A woman with a head injury sits on the edge of a bed while a doctor flashes a light in her eyes, checking her vision-2 Hero

How Long Do Vision Problems Last After a Concussion?

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A concussion is a traumatic brain injury that can occur in any situation that involves a blow to the head or a sudden jolt to the body. It is a common injury, especially among children and young adults. While concussions can have many symptoms, one of the most common issues reported after a concussion is vision problems.

Vision problems typically last 1–2 weeks after a concussion before resolving on their own with rest. However, if symptoms persist beyond that, you’ll likely need vision rehabilitation to see improvement. As with many concussion symptoms, vision problems can worsen if not treated.

Types of Vision Problems After a Concussion

Many different vision issues can come about due to concussions. Some are immediately apparent, while others might only show their heads when triggered, such as through stress. This group of symptoms is sometimes collectively called post-traumatic vision syndrome.

Double Vision

One of the most common vision problems associated with concussions is double vision. This occurs when the brain cannot properly coordinate the movements of both eyes, resulting in two images that do not line up.

People with double vision may experience the following:

  • Disorientation
  • Headaches
  • Difficulty reading
  • Difficulty focusing on objects.

Accommodative Dysfunction

Accommodative dysfunction is a term used to describe difficulty with focus, especially at near distances. This can make it hard to read or perform close-up tasks and can appear much like presbyopia or farsightedness.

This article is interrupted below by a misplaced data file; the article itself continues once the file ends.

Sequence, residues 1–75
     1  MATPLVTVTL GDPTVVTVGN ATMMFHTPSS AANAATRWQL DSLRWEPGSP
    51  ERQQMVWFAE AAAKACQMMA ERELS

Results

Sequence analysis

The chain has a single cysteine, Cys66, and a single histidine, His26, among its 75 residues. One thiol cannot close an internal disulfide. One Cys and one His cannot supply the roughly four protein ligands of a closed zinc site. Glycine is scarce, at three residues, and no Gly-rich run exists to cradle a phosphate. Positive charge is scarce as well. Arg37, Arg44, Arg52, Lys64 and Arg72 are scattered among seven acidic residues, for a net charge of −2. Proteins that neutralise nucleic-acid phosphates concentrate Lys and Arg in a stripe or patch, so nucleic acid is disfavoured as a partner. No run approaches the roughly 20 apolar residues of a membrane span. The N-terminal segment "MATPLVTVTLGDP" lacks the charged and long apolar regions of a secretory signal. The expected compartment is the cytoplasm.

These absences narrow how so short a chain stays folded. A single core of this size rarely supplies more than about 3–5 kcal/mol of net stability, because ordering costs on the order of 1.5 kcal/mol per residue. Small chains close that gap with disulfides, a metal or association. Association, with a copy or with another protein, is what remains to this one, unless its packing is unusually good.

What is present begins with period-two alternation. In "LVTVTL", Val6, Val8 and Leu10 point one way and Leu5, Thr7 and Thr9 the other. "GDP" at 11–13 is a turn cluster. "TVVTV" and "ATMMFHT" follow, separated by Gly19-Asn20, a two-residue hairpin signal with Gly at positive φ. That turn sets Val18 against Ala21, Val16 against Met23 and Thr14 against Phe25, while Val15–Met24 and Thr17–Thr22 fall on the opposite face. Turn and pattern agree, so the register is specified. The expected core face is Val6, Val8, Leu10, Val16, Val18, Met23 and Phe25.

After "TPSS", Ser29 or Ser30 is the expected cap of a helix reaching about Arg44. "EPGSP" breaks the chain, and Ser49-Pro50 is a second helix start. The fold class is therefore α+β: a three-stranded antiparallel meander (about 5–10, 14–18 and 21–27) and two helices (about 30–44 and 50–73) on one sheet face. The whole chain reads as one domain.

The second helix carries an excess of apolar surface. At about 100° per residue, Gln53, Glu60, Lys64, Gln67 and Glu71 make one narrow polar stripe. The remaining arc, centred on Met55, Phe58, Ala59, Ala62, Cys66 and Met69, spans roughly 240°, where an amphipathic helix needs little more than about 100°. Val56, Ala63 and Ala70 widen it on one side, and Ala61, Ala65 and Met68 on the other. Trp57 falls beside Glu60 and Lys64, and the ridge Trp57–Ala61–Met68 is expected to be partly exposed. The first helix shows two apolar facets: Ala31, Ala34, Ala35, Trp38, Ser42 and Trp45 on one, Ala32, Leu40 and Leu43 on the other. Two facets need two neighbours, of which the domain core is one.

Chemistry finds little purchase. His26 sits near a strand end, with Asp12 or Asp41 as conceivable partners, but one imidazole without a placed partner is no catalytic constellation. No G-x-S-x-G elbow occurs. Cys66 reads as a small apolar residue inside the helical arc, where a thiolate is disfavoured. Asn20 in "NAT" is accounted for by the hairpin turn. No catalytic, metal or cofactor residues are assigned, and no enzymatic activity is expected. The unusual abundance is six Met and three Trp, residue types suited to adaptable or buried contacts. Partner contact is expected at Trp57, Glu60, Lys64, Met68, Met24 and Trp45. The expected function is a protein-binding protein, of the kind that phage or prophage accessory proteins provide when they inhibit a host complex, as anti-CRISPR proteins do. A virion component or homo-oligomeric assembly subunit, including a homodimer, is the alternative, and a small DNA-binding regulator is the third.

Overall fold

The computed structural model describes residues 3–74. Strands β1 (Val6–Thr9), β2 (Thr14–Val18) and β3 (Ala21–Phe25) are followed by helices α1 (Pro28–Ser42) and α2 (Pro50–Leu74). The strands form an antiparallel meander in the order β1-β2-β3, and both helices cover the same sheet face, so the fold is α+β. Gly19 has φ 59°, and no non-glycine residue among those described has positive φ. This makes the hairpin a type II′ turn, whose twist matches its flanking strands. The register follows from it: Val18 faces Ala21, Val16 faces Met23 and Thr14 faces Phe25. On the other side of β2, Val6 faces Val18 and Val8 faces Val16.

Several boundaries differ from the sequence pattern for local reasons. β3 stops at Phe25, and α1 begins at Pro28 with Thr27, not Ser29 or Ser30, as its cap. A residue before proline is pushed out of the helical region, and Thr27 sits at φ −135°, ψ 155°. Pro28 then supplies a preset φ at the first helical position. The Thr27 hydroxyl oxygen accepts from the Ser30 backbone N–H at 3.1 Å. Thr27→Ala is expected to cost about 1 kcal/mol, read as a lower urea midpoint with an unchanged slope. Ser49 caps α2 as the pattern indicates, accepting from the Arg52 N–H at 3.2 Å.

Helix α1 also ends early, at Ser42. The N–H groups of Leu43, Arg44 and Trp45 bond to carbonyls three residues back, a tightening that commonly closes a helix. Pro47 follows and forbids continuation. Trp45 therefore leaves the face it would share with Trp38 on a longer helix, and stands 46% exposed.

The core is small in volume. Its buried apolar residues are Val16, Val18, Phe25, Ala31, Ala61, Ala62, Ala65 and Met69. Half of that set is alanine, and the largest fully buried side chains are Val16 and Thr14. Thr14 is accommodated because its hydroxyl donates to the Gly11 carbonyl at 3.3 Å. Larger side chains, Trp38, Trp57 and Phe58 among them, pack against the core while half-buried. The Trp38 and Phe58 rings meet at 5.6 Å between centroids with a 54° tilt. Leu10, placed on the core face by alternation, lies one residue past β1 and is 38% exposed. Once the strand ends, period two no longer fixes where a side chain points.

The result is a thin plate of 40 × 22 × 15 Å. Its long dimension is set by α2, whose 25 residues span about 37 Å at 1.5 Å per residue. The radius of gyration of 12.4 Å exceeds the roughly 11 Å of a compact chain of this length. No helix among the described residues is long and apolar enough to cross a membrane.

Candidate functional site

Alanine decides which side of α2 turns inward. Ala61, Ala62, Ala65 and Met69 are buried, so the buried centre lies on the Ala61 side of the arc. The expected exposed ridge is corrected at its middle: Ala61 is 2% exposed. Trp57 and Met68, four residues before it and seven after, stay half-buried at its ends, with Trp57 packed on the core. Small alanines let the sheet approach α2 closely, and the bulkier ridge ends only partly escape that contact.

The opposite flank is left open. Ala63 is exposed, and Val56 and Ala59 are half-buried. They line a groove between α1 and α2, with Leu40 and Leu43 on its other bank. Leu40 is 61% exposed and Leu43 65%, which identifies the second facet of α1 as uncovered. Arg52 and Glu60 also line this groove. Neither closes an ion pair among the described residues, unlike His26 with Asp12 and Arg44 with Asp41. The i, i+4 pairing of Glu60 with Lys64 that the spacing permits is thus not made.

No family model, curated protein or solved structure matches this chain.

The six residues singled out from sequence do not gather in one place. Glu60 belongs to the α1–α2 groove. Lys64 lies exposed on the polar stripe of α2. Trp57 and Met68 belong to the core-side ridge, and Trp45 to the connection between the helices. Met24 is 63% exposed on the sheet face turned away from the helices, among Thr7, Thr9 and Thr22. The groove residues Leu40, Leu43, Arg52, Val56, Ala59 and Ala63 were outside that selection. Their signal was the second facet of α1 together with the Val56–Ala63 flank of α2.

Presbyopia typically occurs in adults over 40 due to a natural hardening of the eye’s lens. Teenagers who suffer a concussion could injure the part of the brain that controls the lens focus. This trauma can mimic presbyopia without ever showing up on an MRI.

Eye Teaming

Another condition that can make it hard to focus on near objects is eye teaming. This is where the eyes cannot work together effectively, especially as an object comes closer to your face. Your brain is effectively getting 2 different images from your eyes, and it can’t decide which one to focus on. This could make reading hard or at least leave your eyes tired when you try.

Eye teaming issues are often treated with vision therapy aimed at improving eye-muscle coordination affected by a concussion.

Sensitivity to Light

A man sitting on his bed trying to block out sunlight from his window using his hand.

Concussions can cause sensitivity to light, or photophobia. This occurs when the eyes cannot properly regulate the amount of light being received, resulting in discomfort and difficulty adjusting to changes in lighting. As with many other concussion symptoms, this is likely due to brain damage. In this case, damage to the part of the brain that helps you adjust to light.

Photophobia is one of the most common symptoms of a concussion, with about 49% of people experiencing it even after a mild head injury.

Eye Tracking